Psychoacoustics, Physiology of Hearing, and Auditory Modelling, from the Ear to the Brain
19-24 Jun 2022 Lyon (France)

List of authors > Marquis-Favre Catherine

Auditory salience: A study of the influence of timbre attributes using the additional singleton paradigm
Baptiste Bouvier  1, 2, *@  , Patrick Susini  2@  , Catherine Marquis-Favre  1@  , Nicolas Misdariis  2@  
1 : Laboratoire de Tribologie et Dynamique des Systèmes
Centre national de la recherche scientifique - CNRS (France) : UMR5513, École Centrale de Lyon, École Nationale des Travaux Publics de l'État [ENTPE]
2 : Sciences et Technologies de la Musique et du Son
Centre National de la Recherche Scientifique - CNRS : UMR9912, Institut de Recherche et Coordination Acoustique/Musique, Sorbonne Université
* : Corresponding author

Attention is a set of processes that allows a listener to select certain relevant information in a sound scene and to ignore others. However, some sounds that are not relevant to process sometimes manage to capture our attention. This effect is known as salience. In the present study, the influence of two timbre attributes, “brightness” and “roughness”, on the salience of a sound is investigated. To address this issue, an additional singleton paradigm has been implemented. This paradigm gives access to an indirect measure of the influence of a sound feature on its salience. The participant's task is a target discrimination task according to its duration. In the reference condition, the target is embedded in sequences of successive distractors that are all identical. In the test condition, one of the distractors has a different timbre than the others and is then called the singleton. We examine how performance on the discrimination task is degraded when the singleton is present. All sounds are equalized in loudness and have a fundamental frequency at 440 Hz and the first 20 harmonics with an exponentially decreasing energy. The target can be longer (230 ms) or shorter (110 ms) than the distractors (170 ms).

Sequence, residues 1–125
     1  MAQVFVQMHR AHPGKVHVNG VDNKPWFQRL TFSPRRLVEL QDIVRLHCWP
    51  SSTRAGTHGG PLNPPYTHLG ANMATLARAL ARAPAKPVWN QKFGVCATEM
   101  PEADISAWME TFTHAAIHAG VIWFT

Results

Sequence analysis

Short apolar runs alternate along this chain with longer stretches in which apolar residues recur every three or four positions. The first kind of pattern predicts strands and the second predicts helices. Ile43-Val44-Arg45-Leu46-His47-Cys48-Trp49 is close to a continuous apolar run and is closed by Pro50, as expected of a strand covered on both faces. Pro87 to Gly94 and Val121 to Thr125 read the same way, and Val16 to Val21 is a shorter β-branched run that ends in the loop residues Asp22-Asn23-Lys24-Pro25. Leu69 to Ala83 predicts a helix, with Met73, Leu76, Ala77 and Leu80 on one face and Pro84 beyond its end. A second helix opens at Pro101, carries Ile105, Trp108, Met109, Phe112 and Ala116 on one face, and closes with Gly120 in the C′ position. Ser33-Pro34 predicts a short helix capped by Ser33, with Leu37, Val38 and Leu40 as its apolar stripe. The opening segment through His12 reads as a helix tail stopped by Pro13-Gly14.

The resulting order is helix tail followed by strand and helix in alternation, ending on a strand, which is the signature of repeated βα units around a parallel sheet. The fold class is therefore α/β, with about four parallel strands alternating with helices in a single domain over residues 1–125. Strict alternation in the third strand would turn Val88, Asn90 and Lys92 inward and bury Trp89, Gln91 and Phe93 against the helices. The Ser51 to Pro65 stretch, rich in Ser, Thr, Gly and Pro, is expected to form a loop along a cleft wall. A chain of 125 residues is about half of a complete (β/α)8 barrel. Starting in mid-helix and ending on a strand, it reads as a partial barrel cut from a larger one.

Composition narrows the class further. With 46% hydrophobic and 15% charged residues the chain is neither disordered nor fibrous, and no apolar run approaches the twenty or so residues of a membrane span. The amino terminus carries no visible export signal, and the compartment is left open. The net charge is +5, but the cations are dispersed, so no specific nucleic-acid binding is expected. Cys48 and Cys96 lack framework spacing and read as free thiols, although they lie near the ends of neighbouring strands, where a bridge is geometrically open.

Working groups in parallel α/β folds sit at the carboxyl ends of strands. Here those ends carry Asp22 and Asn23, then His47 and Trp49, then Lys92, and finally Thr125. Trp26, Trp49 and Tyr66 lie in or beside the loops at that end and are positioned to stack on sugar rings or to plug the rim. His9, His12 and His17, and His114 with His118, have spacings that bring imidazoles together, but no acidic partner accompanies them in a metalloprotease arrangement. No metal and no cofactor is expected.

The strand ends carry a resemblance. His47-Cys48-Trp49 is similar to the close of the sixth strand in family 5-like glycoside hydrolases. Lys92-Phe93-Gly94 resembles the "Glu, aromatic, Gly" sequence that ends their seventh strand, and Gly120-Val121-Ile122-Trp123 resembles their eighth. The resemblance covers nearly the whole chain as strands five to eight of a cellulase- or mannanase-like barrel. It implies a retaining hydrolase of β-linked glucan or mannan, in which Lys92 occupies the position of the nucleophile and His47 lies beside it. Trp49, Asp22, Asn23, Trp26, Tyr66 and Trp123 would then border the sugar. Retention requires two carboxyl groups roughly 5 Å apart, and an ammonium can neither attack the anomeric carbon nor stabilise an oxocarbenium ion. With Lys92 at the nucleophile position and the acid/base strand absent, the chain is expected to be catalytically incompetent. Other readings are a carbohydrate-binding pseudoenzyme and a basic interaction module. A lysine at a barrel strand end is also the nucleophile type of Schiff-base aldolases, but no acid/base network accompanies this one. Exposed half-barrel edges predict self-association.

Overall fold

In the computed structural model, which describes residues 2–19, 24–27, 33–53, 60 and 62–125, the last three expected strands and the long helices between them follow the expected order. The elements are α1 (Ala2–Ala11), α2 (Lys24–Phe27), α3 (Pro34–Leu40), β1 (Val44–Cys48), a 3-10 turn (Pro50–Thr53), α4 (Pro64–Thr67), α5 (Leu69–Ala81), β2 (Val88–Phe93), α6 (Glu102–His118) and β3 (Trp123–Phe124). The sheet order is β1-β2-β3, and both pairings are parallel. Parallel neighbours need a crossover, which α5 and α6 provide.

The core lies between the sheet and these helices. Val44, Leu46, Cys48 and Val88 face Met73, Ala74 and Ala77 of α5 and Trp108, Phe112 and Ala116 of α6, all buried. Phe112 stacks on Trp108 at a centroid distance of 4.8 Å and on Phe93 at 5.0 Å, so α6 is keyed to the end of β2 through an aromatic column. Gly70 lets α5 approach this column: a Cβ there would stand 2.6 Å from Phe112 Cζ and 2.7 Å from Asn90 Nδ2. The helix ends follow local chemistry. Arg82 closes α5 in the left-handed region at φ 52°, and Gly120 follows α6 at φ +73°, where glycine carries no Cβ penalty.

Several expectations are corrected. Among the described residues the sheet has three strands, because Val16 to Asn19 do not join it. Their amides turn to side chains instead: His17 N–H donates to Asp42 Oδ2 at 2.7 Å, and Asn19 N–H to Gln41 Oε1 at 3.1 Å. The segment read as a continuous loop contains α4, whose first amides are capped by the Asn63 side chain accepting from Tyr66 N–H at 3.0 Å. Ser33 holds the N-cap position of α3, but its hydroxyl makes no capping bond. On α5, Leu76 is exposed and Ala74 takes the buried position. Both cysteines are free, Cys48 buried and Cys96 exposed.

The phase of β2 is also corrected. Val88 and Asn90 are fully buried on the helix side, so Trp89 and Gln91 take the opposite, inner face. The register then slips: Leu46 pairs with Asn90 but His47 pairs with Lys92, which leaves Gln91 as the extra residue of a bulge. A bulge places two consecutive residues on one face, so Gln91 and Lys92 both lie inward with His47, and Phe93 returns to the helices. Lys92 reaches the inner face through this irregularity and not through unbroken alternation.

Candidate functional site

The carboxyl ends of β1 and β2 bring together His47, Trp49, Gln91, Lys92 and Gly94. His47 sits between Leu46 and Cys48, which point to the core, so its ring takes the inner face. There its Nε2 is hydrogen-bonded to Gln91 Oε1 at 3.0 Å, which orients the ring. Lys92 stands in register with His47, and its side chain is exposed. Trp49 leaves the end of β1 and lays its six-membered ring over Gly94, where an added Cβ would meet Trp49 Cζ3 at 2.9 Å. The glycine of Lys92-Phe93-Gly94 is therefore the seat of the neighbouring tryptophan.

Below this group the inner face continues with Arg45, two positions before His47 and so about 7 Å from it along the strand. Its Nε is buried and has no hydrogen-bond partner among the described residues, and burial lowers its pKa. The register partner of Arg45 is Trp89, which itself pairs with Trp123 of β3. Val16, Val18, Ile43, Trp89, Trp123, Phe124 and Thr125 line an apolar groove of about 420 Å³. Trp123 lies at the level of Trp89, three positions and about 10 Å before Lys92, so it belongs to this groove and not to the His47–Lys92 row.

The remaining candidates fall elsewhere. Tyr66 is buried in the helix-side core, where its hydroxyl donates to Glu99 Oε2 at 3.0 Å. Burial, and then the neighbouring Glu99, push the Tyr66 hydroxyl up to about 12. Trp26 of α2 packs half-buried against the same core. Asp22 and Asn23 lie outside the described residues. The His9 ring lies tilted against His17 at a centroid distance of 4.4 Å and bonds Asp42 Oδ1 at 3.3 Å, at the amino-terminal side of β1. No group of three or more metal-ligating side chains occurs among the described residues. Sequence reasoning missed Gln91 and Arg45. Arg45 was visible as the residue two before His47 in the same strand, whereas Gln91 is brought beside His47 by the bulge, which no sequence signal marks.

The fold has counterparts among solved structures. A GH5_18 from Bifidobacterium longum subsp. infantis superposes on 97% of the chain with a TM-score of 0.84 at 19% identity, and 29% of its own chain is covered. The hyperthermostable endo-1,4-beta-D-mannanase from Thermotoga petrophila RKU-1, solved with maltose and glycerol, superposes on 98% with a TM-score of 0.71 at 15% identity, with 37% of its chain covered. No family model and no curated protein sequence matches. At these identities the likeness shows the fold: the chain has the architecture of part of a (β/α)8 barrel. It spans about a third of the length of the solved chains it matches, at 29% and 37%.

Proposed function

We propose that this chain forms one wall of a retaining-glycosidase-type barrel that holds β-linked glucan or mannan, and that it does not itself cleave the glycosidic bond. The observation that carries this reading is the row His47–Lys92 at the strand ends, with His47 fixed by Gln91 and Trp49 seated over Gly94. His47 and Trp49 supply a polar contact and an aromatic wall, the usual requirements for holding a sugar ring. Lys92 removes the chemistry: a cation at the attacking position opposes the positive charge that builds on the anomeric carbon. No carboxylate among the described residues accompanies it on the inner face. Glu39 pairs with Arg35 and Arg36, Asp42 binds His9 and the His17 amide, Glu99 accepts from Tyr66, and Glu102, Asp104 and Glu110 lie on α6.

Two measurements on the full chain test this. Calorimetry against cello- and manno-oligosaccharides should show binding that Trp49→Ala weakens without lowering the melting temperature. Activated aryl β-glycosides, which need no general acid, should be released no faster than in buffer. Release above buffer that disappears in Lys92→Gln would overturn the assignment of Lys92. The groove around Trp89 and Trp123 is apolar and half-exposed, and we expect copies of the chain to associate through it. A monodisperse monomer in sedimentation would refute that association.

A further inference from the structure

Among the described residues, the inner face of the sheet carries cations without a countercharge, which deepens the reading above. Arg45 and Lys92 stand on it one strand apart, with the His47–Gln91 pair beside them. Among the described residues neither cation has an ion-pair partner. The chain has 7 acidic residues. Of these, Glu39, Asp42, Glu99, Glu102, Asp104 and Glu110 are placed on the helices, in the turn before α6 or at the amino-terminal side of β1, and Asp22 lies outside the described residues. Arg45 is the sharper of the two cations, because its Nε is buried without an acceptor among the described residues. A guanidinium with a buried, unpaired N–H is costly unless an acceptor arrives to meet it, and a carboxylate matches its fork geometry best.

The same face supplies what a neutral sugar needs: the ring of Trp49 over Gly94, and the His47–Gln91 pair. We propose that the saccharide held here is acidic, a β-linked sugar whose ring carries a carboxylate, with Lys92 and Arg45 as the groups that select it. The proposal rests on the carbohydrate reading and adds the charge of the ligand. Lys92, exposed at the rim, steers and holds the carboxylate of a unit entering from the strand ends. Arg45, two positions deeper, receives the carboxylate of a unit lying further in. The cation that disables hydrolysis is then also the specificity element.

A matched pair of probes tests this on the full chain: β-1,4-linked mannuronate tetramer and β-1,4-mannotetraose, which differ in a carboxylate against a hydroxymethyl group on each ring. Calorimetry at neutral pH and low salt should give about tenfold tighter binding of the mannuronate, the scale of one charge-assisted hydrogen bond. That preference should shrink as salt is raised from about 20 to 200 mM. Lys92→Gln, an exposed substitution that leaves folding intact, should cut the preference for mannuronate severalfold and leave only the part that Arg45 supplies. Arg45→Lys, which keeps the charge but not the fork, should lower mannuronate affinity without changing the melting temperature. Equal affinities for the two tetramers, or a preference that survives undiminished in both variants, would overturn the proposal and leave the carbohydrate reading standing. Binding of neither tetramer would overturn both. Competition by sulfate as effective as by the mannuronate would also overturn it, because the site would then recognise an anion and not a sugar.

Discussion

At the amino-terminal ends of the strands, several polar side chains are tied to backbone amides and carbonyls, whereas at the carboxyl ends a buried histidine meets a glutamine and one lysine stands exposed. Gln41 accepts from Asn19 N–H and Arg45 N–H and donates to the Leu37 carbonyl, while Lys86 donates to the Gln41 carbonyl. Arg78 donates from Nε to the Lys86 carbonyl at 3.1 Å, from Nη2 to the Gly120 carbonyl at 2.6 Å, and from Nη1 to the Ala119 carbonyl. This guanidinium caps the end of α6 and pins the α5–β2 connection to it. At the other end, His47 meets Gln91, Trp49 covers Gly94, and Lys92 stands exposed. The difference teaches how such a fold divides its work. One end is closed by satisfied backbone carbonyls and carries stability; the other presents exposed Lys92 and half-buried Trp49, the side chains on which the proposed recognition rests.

In a first experiment (N = 15), the timbre attribute studied is brightness, characterized by the spectral centroid. The singleton is presented with a higher perceived brightness (SC = 836 Hz) than the target and the distractors (SC = 517 Hz). The error rates and response times increase significantly of 7.5% and 137 ms respectively when the sequence contains the singleton. This performance degradation reflects an effect of brightness on salience.

In two following experiments (N = 20 each), we analyze the influence of different values of brightness on one hand, and different values of roughness (characterized by the amplitude modulation depth) on the other hand. Variations of 1, 2, 5 and 10 just-noticeable differences of spectral centroid (i.e. 542, 568, 647 and 776 Hz) and of amplitude modulation depth (i.e. 10, 20, 50 and 100 %) are tested. The results confirm the effect of brightness on salience and show an effect of roughness as well. Moreover, the higher the spectral centroid or the amplitude modulation depth of the singleton, the higher the error rates and response times. This reveals that the attentional capture effect is not an on/off effect but modulates with the variation of timbre's attributes. Finally, and surprisingly, the same levels of variations give very similar effect sizes for these two attributes.

The interactions between these attributes are to be analyzed in the rest of this study. This work opens new perspectives for the study of auditory salience and the understanding of bottom-up mechanisms that underly it. The results obtained will be used to improve models of auditory salience.

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